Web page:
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Homework Help: Find the domain of arccsc(e^2x)

  1. Apr 29, 2017 #1
    1. The problem statement, all variables and given/known data
    Seems I have forgotten how to work with such values. Please, help me to find the correct approach to this type of exercises.

    2. Relevant equations
    The task is to find the domain of the function:
    f(x) = arccsc(e2x)

    3. The attempt at a solution
    The answer in the book is [0, ∞).

    The domain of arccsc(x) is (-∞, -1] U [1, ∞)

    (1) In the given function x is an exponent of epsilon, and also it has coefficient 2. So, I see that I need to divide by 2.

    (2) So, if x = -1, then the exponent will be -½, and thus it would mean that I need to take "a negative square root" of e. This means that I have to discard this option, and thus discard all negative values, and concentrate only on [1, ∞) part.

    (3) If x = 1, then exponent will be ½, meaning I need to take the square root of e.

    I don't see my next steps. Logically it does look as if all values starting from 0 and till ∞ are correct, because all can be e's exponent, but how to get there mathematically?

    Thank you very much!
  2. jcsd
  3. Apr 29, 2017 #2


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    Euler's constant is e, not epsilon
    Try that again.

    For this question, it might be simpler to think in terms of what values of x produce a disallowed argument to arccsc, i.e. (-1,1).
  4. May 1, 2017 #3
    e2x is always positive. Therefore, its range is (0,+∞). However, as you figured out, arccsc(x) does not accept (0,1) as input.
    What you need to find is the range of the values x such that e2x falls in [1,+∞) because if not, then arccsc(e2x) is not defined.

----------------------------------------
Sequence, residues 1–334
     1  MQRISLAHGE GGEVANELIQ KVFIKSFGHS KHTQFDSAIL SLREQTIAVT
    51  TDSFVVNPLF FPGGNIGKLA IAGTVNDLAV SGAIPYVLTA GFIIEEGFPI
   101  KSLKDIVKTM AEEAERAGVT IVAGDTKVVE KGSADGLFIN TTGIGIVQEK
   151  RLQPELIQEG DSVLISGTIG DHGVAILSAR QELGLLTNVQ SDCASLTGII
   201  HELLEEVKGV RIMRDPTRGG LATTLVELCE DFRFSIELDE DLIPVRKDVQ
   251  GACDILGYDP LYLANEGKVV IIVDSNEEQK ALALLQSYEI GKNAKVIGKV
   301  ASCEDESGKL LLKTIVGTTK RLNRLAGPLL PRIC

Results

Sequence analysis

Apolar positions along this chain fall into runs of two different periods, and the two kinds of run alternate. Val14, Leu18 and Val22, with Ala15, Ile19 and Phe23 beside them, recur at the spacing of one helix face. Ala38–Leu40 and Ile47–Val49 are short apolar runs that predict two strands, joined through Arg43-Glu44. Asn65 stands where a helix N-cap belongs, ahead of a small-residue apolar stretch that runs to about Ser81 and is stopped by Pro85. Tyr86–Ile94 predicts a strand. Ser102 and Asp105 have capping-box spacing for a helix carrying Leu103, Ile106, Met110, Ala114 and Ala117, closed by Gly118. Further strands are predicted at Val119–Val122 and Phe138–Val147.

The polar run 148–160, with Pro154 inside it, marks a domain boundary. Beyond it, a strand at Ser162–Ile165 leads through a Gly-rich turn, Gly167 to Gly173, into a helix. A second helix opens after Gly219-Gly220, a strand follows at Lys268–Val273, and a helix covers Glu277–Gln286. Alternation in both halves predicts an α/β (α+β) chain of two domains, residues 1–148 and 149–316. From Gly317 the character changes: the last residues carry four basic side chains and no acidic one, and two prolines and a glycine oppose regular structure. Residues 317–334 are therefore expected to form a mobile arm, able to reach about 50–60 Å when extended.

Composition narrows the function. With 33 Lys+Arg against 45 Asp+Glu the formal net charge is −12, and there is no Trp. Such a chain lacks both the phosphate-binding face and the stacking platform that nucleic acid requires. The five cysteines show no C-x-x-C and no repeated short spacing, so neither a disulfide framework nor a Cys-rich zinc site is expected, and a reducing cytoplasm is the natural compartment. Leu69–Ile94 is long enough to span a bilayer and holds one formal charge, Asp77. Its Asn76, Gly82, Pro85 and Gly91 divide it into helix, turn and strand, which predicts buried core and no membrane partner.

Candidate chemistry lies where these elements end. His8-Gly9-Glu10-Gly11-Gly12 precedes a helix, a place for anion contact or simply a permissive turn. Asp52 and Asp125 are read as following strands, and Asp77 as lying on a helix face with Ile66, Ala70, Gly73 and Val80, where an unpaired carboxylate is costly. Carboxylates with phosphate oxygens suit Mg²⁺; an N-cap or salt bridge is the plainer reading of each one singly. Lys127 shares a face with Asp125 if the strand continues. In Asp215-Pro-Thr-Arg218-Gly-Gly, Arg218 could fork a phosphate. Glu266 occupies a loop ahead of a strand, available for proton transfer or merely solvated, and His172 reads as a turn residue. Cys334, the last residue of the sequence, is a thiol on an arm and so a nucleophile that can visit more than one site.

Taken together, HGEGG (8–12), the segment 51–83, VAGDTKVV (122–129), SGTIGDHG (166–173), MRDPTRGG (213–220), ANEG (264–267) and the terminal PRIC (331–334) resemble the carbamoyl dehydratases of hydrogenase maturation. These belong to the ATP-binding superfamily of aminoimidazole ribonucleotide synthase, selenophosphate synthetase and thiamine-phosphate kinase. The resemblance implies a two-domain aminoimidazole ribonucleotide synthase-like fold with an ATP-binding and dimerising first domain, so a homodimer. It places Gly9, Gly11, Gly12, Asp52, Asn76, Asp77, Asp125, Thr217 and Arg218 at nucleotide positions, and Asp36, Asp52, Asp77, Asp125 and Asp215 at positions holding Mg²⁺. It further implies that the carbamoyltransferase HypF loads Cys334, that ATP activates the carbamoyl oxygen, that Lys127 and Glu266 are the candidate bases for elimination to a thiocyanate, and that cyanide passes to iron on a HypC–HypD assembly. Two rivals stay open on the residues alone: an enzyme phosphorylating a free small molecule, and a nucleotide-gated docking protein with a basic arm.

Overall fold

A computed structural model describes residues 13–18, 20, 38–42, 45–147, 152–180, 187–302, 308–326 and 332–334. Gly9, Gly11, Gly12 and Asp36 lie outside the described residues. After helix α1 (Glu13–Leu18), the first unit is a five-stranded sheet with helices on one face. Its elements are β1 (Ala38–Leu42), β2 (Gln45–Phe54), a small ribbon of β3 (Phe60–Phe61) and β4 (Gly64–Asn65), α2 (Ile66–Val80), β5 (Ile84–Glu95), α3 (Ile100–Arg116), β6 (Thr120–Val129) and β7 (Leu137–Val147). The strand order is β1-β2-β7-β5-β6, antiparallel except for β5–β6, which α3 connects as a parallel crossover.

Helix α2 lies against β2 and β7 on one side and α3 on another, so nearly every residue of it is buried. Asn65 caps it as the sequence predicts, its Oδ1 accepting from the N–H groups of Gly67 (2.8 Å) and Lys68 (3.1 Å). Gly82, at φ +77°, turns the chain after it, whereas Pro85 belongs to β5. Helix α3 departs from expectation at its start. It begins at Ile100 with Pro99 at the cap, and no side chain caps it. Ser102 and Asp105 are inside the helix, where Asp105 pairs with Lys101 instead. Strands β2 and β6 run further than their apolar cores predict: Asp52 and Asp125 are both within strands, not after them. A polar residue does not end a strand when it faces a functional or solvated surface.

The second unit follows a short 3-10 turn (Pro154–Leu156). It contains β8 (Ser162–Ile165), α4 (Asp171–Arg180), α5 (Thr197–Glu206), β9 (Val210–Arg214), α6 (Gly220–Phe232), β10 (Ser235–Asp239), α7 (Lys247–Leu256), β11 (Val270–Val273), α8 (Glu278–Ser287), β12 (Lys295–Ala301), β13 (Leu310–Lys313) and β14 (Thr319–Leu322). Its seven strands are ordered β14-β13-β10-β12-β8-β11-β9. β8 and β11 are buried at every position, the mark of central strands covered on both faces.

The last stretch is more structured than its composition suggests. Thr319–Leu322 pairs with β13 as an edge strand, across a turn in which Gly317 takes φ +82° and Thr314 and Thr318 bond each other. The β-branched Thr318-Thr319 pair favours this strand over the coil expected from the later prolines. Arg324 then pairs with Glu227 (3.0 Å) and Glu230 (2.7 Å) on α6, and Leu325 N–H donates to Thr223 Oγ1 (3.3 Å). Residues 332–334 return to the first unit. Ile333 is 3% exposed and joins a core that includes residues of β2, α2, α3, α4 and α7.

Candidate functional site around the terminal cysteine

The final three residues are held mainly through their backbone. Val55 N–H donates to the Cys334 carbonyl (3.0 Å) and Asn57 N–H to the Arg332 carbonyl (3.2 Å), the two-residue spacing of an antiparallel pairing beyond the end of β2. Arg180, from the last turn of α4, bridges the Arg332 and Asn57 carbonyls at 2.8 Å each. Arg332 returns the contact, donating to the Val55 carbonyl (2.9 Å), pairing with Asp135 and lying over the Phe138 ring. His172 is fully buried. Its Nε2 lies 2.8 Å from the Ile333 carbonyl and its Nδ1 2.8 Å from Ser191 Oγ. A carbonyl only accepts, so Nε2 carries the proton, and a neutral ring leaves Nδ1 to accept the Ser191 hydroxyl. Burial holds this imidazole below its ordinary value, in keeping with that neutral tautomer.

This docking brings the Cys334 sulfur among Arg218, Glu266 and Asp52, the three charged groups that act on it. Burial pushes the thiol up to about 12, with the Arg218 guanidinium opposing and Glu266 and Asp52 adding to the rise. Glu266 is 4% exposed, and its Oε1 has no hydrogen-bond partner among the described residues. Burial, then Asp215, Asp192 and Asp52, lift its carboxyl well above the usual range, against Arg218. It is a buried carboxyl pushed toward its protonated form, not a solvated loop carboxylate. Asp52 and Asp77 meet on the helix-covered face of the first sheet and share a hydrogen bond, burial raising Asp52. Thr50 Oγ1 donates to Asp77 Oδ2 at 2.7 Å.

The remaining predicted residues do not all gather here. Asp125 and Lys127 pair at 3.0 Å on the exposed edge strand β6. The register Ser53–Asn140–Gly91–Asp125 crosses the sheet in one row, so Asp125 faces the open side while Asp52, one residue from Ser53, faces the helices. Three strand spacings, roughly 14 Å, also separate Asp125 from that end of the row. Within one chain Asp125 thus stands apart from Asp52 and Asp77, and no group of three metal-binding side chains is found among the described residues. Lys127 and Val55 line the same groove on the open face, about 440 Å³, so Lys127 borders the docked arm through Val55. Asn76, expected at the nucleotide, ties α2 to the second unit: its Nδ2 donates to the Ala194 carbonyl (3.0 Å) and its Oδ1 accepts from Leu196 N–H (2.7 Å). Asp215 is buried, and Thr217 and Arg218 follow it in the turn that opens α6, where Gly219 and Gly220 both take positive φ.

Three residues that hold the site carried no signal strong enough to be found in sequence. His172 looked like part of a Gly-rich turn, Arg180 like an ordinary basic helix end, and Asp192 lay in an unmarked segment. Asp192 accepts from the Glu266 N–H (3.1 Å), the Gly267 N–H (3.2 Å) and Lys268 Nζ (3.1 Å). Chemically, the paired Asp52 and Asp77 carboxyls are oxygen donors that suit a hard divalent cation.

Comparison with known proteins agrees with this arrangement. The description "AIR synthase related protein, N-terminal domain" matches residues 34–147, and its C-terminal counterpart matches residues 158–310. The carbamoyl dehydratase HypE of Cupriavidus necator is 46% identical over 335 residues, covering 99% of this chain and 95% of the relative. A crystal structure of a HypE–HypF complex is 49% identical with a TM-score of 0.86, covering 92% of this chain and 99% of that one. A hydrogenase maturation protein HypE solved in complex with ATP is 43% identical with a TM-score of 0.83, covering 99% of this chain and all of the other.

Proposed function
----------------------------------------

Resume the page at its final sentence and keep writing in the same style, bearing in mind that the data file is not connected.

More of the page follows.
Can you solve the inequality e2x ≥ 1?
  5. May 2, 2017 #4
    Do I understand you correctly that -½ is not the right approach here? I divided by 2 following "graph transformation" rule, which state that we divide x by its coefficient.
    For example:
    The graph y = x
    If I want to graph y = 2x, then I can divide all values of x in y = x by 2 to get the desired graph.
  6. May 2, 2017 #5


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    You have e2x. If x=1, what is the exponent on e?

    Anyway, I think this is already headed in the wrong direction. You have f(x)=arccsc(y) where y=e2x. You have established that the range for y is (-∞, -1] U [1, ∞). If those are values of e2x, how do you find the values of 2x?
  7. May 2, 2017 #6
    I see ) Thank you very much.
    Yes, I can solve e2x ≥ 1
    I set e2x = 1
    then x = ln(1)/2 = 0
    I see that I tried to tread a wrong path.
  8. May 2, 2017 #7
    Yes, I see that I indeed took a completely wrong direction - I unnecessarily complicated the matter. I have posted the result of required computation.
    Thank you very much!
  9. May 2, 2017 #8


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